Drug related problems identified in medication reviews by Australian pharmacists
Stafford, AC and Tenni, PC and Peterson, GM and Jackson, SL and Hejlesen, A and Villesen, C and Rasmussen, M, Drug related problems identified in medication reviews by Australian pharmacists, Pharmacy World and Science: A Journal Devoted to Rational Drug Use, 31, (2) pp. 216-223. ISSN 0928-1231 (2009) [Refereed Article]
Objective In Australia, accredited pharmacists perform medication reviews for patients to identify and resolve drug-related problems. We analysed the drug-related problems identified in reviews for both home-dwelling and residential care-facility patients. The objective of this study was to examine the number and nature of the drug-related problems identified and investigate differences between each type of review. Setting Australian patients living at home or in residential care-facilities. Method We collected a nation-wide sample of medication reviews conducted between 1998 and 2005. These reviews had been self-selected by pharmacists and submitted as part of the reaccreditation process to the primary body responsible for accrediting Australian pharmacists to perform medication reviews. The drug-related problems identified in each review were classified by type and drugs involved. Main outcome measure The number and nature of drug-related problems identified in pharmacist-conducted medication reviews. Results There were 1,038 drug-related problems identified in 234 medication reviews (mean 4.6 (±2.2) problems per review). The number of problems was higher (4.9 ± 2.0 vs. 3.9 ± 2.2; P < 0.001) in reviews for home-dwelling patients compared with care-facility residents. The number of clinically-significant problems was higher (2.1 ± 1.1 vs. 1.5 ± 0.7; P < 0.001) for home-dwelling patients. Oral hypoglycaemics and analgesics/antipyretics were significantly more likely to be associated with problems in home-dwelling patients than in residential care-facility patients. Conclusion These data illustrate the prevalence of drug-related problems and the ability of pharmacists to identify these problems in the Australian models of medication review. The nature and frequency of problems varied between reviews for home-dwelling and care-facility patients. Such information may be used to better focus the training of practitioners based on the most frequently encountered health problems and the nature of common drug-related problems in the two settings.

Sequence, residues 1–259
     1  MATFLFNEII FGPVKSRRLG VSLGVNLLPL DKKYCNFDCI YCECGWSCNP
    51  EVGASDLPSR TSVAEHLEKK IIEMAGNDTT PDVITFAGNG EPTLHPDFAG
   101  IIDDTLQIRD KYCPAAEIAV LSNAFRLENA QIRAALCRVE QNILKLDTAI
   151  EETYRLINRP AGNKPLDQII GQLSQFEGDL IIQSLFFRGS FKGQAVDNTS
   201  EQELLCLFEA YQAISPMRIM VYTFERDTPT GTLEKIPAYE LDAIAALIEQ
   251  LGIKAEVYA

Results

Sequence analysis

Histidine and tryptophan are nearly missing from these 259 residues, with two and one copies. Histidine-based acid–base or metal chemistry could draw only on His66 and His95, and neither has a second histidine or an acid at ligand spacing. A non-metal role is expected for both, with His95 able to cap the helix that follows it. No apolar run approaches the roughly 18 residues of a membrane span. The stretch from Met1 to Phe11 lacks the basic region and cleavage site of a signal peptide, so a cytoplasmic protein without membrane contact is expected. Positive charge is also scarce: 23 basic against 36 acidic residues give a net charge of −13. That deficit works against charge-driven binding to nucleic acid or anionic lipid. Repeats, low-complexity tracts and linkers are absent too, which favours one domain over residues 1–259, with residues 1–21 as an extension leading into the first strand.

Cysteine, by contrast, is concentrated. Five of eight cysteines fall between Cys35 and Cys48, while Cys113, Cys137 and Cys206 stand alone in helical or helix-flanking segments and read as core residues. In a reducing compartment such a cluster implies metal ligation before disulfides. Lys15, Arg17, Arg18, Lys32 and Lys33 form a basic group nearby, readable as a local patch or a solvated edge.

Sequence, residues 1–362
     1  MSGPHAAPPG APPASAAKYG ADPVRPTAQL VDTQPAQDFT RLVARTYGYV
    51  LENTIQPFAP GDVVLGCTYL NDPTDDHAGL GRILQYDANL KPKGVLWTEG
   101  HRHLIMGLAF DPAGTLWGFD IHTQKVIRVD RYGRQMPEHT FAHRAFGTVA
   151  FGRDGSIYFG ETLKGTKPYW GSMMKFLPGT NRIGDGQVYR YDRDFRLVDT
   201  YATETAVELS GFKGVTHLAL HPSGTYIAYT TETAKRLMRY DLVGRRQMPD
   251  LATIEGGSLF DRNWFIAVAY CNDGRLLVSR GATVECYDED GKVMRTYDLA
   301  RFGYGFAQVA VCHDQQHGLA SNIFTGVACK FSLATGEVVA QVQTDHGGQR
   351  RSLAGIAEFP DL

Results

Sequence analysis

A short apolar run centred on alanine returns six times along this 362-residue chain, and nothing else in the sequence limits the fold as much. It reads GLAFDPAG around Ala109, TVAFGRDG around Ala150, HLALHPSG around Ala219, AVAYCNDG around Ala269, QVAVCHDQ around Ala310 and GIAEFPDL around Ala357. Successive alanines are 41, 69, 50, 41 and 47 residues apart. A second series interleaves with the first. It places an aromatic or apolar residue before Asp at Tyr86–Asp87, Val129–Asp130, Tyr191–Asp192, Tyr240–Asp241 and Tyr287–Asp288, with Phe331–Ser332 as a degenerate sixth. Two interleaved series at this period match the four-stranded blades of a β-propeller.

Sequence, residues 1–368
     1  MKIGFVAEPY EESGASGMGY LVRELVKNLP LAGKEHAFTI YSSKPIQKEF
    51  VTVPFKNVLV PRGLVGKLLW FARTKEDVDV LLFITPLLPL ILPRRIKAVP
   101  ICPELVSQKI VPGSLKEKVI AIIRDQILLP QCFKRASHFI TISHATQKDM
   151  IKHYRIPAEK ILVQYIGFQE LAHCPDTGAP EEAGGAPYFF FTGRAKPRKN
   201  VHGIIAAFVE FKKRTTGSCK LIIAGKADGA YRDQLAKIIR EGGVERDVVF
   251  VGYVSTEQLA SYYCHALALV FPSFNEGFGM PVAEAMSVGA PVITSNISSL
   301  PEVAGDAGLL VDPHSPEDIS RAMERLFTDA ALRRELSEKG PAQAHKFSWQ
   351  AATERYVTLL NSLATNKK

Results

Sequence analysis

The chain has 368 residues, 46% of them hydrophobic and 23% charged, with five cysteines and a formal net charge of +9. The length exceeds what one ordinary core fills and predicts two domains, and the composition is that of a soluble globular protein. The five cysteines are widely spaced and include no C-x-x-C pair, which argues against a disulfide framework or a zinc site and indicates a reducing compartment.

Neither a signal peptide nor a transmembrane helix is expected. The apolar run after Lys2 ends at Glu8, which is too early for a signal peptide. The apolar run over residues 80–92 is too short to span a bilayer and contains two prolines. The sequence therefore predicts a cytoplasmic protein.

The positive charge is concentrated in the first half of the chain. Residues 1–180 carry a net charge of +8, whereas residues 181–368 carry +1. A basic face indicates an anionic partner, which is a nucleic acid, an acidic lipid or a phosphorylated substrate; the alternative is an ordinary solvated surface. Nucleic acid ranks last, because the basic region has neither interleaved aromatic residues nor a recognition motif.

Australia, drug related problems, medication related problems, medication review, pharmaceutical care, pharmacist